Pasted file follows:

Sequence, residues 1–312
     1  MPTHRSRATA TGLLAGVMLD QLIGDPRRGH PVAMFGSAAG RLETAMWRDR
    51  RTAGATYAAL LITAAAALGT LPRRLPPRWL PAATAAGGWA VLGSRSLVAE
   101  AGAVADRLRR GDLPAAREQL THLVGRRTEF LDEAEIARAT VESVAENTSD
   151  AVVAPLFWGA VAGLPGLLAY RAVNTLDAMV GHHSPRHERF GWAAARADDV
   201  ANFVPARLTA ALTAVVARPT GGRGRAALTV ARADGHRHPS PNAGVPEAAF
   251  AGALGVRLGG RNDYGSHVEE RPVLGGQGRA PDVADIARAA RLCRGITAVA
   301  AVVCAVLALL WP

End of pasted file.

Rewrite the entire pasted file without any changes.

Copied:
Sequence, residues 1–312
     1  MPTHRSRATA TGLLAGVMLD QLIGDPRRGH PVAMFGSAAG RLETAMWRDR
    51  RTAGATYAAL LITAAAALGT LPRRLPPRWL PAATAAGGWA VLGSRSLVAE
   101  AGAVADRLRR GDLPAAREQL THLVGRRTEF LDEAEIARAT VESVAENTSD
   151  AVVAPLFWGA VAGLPGLLAY RAVNTLDAMV GHHSPRHERF GWAAARADDV
   201  ANFVPARLTA ALTAVVARPT GGRGRAALTV ARADGHRHPS PNAGVPEAAF
   251  AGALGVRLGG RNDYGSHVEE RPVLGGQGRA PDVADIARAA RLCRGITAVA
   301  AVVCAVLALL WP